Masahide Wakita1, Makio C Honda2, Kazuhiko Matsumoto2, Tetsuichi Fujiki2, Hajime Kawakami2, Sayaka Yasunaka2, Yoshikazu Sasai2, Chiho Sukigara3, Mario Uchimiya4, Kitamura Minoru2, Toru Kobari5, Yoshihisa Mino6, Akira Nagano2, Shuichi Watanabe1 and Toshiro Saino2, (1)JAMSTEC/MIO, Mutsu, Japan, (2)JAMSTEC, Kanagawa, Japan, (3)HyARC, Nagoya, Japan, (4)National Institute of Polar Research, Tachikawa, Japan, (5)Kagoshima University, Aquatic Sciences, Faculty of Fisheries, Kagoshima, Japan, (6)Nagoya University, Japan
Deep convection: A Source or Sink for Atmospheric CO2? (89792)
Kumiko Azetsu-Scott, Bedford Institute of Oceanography, Fisheries and Oceans, Canada, Dartmouth, NS, Canada and Atlantic Zone Offshore Monitoring Program Team
A Global Evaluation of Model Parameterizations for Carbon Export and Remineralization (90401)
Lucas Gloege1, Galen A McKinley1, Colleen B Mouw2 and Audrey Ciochetto2, (1)Lamont -Doherty Earth Observatory of Columbia University, Palisades, NY, United States, (2)University of Rhode Island, Narragansett, RI, United States
Export and transfer of Southern Ocean particulate organic carbon through the lens of ramped oxidation (90576)
Sarah Rosengard, MIT-WHOI Joint Program, Woods Hole, MA, United States; Woods Hole Oceanographic Institution, Marine Chemistry & Geochemistry, Woods Hole, MA, United States, Phoebe J Lam, University of California Santa Cruz, Department of Ocean Sciences, Santa Cruz, CA, United States, Valier Galy, Woods Hole Oceanographic Institution, Woods Hole, MA, United States and Ann P McNichol, Woods Hole Oceanographic Institution, Geology and Geophysics, Woods Hole, MA, United States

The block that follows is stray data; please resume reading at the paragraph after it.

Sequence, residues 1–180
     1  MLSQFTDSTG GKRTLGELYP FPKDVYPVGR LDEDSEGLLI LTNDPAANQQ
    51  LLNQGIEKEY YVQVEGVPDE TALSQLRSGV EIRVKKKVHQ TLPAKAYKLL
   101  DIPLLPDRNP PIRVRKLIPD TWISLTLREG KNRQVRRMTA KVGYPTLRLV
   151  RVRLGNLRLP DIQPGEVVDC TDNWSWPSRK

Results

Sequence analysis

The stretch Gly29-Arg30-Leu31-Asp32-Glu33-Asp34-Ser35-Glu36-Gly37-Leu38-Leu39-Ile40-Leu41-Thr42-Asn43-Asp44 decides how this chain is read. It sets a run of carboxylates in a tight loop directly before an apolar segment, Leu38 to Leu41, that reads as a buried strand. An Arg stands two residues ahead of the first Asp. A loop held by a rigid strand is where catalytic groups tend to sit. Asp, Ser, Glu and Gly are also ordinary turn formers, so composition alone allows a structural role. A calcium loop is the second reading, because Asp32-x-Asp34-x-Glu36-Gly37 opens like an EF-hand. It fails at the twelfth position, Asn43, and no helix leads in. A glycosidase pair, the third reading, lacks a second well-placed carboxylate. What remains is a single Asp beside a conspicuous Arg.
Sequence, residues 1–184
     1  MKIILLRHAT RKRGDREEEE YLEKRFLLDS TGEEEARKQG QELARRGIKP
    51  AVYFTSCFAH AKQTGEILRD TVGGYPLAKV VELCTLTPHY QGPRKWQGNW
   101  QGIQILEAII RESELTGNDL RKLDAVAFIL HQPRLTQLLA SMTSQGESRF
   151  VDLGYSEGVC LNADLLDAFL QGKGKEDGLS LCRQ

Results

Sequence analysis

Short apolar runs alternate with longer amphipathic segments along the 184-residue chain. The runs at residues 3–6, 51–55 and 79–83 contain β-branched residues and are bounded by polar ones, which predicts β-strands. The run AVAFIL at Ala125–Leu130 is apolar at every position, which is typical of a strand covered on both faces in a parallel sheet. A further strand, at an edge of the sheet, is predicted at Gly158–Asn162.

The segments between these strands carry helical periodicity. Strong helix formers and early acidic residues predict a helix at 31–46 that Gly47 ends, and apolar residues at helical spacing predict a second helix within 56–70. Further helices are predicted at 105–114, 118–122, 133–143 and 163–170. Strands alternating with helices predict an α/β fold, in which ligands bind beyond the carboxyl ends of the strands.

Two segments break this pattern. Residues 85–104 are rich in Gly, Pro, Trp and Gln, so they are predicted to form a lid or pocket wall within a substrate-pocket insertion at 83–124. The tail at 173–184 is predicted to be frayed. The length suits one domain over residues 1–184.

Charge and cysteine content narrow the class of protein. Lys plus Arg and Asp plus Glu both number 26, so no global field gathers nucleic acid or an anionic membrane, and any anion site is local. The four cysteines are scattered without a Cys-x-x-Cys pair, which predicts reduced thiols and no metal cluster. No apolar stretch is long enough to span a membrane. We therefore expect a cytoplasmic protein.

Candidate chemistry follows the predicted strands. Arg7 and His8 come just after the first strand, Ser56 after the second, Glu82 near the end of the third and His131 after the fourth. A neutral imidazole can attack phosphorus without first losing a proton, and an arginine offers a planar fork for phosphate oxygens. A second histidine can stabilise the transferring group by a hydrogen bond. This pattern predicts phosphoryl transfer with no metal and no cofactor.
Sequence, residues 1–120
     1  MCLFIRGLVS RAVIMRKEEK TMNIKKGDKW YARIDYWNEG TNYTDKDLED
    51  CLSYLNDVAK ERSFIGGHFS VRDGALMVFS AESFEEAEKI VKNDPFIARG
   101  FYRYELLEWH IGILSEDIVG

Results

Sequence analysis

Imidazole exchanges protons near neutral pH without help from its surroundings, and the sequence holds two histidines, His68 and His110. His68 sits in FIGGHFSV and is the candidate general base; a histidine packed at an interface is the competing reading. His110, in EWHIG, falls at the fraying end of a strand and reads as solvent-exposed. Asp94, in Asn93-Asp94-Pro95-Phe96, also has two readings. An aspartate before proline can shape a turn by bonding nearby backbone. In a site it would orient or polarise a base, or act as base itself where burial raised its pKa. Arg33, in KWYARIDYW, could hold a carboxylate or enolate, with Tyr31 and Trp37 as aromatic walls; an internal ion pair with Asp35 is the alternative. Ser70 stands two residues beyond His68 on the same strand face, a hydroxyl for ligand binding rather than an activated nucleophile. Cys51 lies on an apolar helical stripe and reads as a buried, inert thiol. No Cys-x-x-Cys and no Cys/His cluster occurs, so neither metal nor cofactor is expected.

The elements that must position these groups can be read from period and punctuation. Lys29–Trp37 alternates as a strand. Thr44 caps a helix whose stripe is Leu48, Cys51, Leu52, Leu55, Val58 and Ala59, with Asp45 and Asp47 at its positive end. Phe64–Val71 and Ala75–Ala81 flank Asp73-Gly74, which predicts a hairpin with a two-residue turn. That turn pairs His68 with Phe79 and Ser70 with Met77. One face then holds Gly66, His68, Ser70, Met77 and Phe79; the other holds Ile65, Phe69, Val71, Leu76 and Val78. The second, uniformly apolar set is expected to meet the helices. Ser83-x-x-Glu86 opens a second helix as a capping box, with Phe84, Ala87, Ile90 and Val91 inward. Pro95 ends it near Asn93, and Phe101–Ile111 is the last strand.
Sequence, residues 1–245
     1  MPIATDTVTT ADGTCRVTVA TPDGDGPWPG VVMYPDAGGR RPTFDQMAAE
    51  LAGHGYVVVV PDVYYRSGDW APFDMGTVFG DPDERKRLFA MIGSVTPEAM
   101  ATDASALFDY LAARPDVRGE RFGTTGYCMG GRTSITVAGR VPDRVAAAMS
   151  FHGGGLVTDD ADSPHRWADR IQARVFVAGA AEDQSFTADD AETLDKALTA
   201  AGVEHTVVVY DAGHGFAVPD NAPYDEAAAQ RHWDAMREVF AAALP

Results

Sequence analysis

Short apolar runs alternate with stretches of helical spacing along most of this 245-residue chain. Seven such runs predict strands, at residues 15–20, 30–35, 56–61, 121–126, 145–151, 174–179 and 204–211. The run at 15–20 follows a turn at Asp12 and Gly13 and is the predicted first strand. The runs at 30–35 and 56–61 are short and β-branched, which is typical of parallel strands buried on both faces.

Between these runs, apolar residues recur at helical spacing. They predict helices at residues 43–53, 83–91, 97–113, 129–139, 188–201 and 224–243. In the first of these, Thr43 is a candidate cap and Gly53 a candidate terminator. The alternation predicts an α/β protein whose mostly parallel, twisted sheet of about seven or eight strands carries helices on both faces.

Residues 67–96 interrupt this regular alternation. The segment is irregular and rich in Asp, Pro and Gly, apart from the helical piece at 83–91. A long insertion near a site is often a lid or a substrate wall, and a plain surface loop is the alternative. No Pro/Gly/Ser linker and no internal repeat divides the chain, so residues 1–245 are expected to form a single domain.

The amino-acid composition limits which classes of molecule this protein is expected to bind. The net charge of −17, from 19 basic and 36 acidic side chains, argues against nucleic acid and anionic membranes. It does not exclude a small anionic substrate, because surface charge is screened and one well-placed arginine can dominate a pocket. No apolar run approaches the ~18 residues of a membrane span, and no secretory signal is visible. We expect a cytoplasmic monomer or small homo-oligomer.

Effects of Variable Oxygen Concentrations on the Sinking Fluxes and Composition of Organic Matter in The Baltic Sea (90902)
Carolina Cisternas-Novoa1, Frederic A.C. Le Moigne1, Jon Roa2, Hannes Wagner2 and Anja Engel1, (1)GEOMAR Helmholtz Centre for Ocean Research Kiel, Kiel, Germany, (2)GEOMAR Helmholtz Centre for Ocean Research Kiel, Marine Biogeochemistry, Kiel, Germany
Active and Passive Fluxes of Carbon, Nitrogen and Phosphorus in the Northern South China Sea (90906)
Jia-Jang Hung, C.-H. Tung, C.-Y. Lin and S.-H. Peng, National Sun Yat-sen University, Kaohsiung, Taiwan
Constraining the Biological Pump on Seasonal Scales through Autonomous Oxygen Observations from Profiling Floats (90914)
Henry C Bittig1, Herve Claustre1 and Arne Koertzinger2, (1)CNRS & UPMC, Laboratoire d'Océanographie de Villefranche, (2)GEOMAR Helmholtz Centre for Ocean Research Kiel
Model projections of active transport by migrating zooplankton in the North Atlantic: consequences for the export of carbon and the biological pump. (91189)
Jorge Martinez-Rey1, Laurent Memery1, Thomas Gorgues1 and Olivier Aumont2, (1)Institut Universitaire Europeén de la Mer (IUEM), Laboratoire des Sciences de l’Environnement Marin (LEMAR), Brest, France, (2)IPSL, Laboratoire d’Oceanographie et de Climatologie: Experimentation et Approches Numeriques, Paris, France
Marine Synechococcus Aggregation (91910)
Wei Deng, Susanne Neuer, Bianca Nahir Cruz and Logan Monks, Arizona State University, Tempe, AZ, United States
Biological Oxygen Production Across 8000 km of the South Atlantic: Basin Scale Similarity but Mesoscale Variability (92591)